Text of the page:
By Tim Collins For Mailonline
21 February 2018
Experts looked at projections from greenhouse gas emissions scenario RCP8.5
This would see a 2.6°C (4.7°F) to 4.8°C (8.6°F) increase in global temperature
Worsening heatwaves are predicted for all 571 European cities studied
Drought conditions would be particularly likely in southern European countries
An increase in river flooding in north-western European cities was forecast
Researchers from Newcastle University looked at projections from all models associated with the high greenhouse gas emissions scenario RCP8.5.
This is used by the Intergovernmental Panel on Climate Change (IPCC) and is seen by many as a ‘business as usual’ scenario, with emissions continuing to grow at current rates.
This would see a 2.6°C (4.7°F) to 4.8°C (8.6°F) increase in global temperature, according to the IPCC.
The team showed results for three possible futures which they called the low, medium and high impact scenarios.
The British Isles has some of the worst overall flood projections.
Even in the most optimistic case, 85 per cent of UK cities with a river – including London – are predicted to face increased river flooding.
For the high scenario, half of UK cities could see at least a 50 per cent increase on peak river flows.
The cities predicted to be worst hit under the high impact scenario are Cork, Derry, Waterford, Wrexham, Carlisle and Glasgow and for the more optimistic, low impact, scenario are Derry, Chester, Carlisle, Aberdeen, Glasgow and Newcastle.
By 2051 to 2100, for the low impact scenario, cities in the south of Iberia, such as Malaga and Almeria, are expected to experience droughts more than twice as bad as in 1951 to 2000.
For the high impact scenario, 98 per cent of European cities could see worse droughts in the future. Cities in Southern Europe may experience droughts up to 14 times worse than today (stock image)
While for the high impact scenario, 98 per cent of European cities could see worse droughts in the future.
‘Although southern European regions are adapted to cope with droughts, this level of change could be beyond breaking point,’ Dr Selma Guerreiro, lead author, said.
‘Furthermore, most cities have considerable changes in more than one hazard which highlights the substantial challenge cities face in managing climate risks.’
Even the most optimistic prediction, the low impact scenario, predicts both the number of heatwave days and their maximum temperature will increase for all European cities.
Southern European cities will see the biggest increases in the number of heatwave days, while central European cities will see the greatest increase in temperature during heatwaves.
Central European cities will see the greatest increase in temperature during heatwaves – between 2°C (3.6°F) to 7°C (12.6°F) for the low scenario and 8°C (14.4°F) to 14°C (25.2°F) for the high scenario.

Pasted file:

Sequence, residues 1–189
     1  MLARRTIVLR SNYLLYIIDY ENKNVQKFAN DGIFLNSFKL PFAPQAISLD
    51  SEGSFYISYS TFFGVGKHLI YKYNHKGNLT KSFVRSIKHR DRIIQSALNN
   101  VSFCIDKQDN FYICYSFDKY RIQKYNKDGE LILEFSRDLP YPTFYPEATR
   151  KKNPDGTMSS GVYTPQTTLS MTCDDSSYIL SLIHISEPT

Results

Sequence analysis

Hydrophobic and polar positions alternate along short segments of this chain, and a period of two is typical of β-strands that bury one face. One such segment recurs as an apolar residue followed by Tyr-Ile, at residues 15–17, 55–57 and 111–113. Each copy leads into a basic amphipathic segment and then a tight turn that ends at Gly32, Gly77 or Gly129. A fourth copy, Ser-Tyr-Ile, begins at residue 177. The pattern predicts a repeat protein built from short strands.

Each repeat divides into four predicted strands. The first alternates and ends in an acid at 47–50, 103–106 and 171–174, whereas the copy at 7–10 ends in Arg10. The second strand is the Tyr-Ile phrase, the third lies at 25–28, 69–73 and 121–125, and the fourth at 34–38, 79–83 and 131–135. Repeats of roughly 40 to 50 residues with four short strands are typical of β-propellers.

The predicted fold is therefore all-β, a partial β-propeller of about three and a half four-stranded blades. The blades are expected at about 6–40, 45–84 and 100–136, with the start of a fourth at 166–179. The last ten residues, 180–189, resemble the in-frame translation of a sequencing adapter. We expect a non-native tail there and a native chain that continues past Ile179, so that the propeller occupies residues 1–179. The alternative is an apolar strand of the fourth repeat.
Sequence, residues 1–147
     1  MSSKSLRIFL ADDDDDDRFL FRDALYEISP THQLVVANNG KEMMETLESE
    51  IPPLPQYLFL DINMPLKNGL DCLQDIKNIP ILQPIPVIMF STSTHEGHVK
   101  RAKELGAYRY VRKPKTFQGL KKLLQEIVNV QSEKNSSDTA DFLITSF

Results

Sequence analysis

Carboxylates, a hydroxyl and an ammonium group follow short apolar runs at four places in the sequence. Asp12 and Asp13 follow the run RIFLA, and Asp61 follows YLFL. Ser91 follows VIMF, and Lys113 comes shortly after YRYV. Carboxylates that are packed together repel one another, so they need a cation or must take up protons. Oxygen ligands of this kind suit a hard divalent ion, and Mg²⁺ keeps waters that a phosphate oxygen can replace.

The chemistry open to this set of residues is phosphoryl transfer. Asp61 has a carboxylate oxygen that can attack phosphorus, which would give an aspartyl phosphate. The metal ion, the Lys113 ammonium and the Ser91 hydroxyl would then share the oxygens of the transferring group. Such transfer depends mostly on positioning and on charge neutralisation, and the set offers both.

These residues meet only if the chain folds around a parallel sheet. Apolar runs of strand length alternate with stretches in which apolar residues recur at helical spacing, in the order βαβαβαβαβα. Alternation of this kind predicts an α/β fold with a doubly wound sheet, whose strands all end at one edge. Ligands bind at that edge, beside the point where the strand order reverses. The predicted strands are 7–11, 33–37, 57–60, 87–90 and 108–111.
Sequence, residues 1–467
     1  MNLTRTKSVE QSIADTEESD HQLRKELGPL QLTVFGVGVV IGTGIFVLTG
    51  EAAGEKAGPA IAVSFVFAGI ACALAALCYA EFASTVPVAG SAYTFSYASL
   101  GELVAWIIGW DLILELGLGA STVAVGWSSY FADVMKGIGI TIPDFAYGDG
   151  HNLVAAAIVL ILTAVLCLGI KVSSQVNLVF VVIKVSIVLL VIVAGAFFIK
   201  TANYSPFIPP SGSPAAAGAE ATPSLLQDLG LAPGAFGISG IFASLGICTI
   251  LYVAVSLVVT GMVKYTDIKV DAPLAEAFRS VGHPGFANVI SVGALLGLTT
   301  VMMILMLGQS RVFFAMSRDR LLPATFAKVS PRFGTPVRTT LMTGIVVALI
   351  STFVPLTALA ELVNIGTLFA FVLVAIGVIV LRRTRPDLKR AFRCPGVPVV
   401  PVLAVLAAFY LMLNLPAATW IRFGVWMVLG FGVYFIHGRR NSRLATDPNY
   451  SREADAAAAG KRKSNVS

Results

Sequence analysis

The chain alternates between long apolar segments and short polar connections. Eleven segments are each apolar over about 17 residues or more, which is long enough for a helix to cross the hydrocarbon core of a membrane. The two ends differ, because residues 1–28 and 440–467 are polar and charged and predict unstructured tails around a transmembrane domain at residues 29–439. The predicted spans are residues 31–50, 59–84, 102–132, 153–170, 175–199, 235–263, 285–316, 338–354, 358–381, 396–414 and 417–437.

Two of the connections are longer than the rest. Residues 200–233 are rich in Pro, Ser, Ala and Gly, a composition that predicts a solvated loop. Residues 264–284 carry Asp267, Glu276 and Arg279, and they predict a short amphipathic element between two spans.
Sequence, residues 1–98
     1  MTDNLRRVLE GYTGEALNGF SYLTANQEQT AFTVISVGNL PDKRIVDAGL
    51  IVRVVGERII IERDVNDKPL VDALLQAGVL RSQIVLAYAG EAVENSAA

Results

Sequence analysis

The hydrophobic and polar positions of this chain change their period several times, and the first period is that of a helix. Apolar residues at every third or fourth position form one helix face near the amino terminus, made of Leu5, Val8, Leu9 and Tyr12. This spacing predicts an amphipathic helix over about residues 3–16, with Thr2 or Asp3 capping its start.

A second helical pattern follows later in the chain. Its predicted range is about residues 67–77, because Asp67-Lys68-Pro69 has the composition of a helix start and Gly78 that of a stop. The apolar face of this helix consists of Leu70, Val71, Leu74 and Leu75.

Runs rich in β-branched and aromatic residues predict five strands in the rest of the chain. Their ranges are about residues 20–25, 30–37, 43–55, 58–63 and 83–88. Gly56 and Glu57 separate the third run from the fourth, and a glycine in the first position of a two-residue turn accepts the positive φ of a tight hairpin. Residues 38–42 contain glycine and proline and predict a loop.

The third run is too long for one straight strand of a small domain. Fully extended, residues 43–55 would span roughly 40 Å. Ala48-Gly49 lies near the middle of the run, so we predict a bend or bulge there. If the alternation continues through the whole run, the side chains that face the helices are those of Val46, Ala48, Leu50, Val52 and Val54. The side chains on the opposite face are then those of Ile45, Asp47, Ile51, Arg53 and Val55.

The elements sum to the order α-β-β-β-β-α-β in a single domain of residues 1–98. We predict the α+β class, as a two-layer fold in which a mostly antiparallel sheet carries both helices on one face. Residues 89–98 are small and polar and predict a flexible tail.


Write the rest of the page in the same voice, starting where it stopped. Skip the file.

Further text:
For changes in droughts and floods, the cities which are affected depend on the scenario.
For the low impact scenario, drought conditions only intensify in southern European cities while river flooding only worsens in north-western ones.
Of the European capitals, Dublin, Helsinki, Riga, Vilnius and Zagreb are likely to experience the most extreme rise in flooding.
For the high impact scenario, several European cities could see more than 80 per cent increases on peak river flows.
The British Isles has some of the worst overall flood projections. Even in the most optimistic case, 85 per cent of UK cities with a river – including London – are predicted to face increased river flooding (stock image)
That includes Santiago de Compostela in Spain, Cork and Waterford in Ireland, Braga and Barcelos in Portugal and Derry / Londonderry in the UK.
Stockholm and Rome could see the greatest increase in number of heat-wave days while Prague and Vienna could see the greatest increase in maximum temperatures during heat-waves.
Lisbon and Madrid are in the top capital cities for increases in frequency and magnitude of droughts, while Athens, Nicosia, Valleta and Sofia might experience the worst increases in both drought and heatwaves.
The United Nation’s Intergovernmental Panel on Climate Change (IPCC) has recognised the important role cites must play in tackling climate change and next month will hold its first Cities and Climate Change Science Conference, in Edmonton, Canada.
‘A key objective for this conference is to bring together and catalyse action from researchers, policy makers and industry to address the urgent issue of preparing our cities, their population, buildings and infrastructure for climate change,’ said Professor Richard Dawson, co-author and lead investigator of the study, who sits on the Scientific Steering Committee for the IPCC Conference.
‘The research highlights the urgent need to design and adapt our cities to cope with these future conditions.
‘We are already seeing at first hand the implications of extreme weather events in our capital cities.
‘In Paris the Seine rose more than four metres (13 feet) above its normal water level.
‘And as Cape Town prepares for its taps to run dry, this analysis highlights that such climate events are feasible in European cities too.’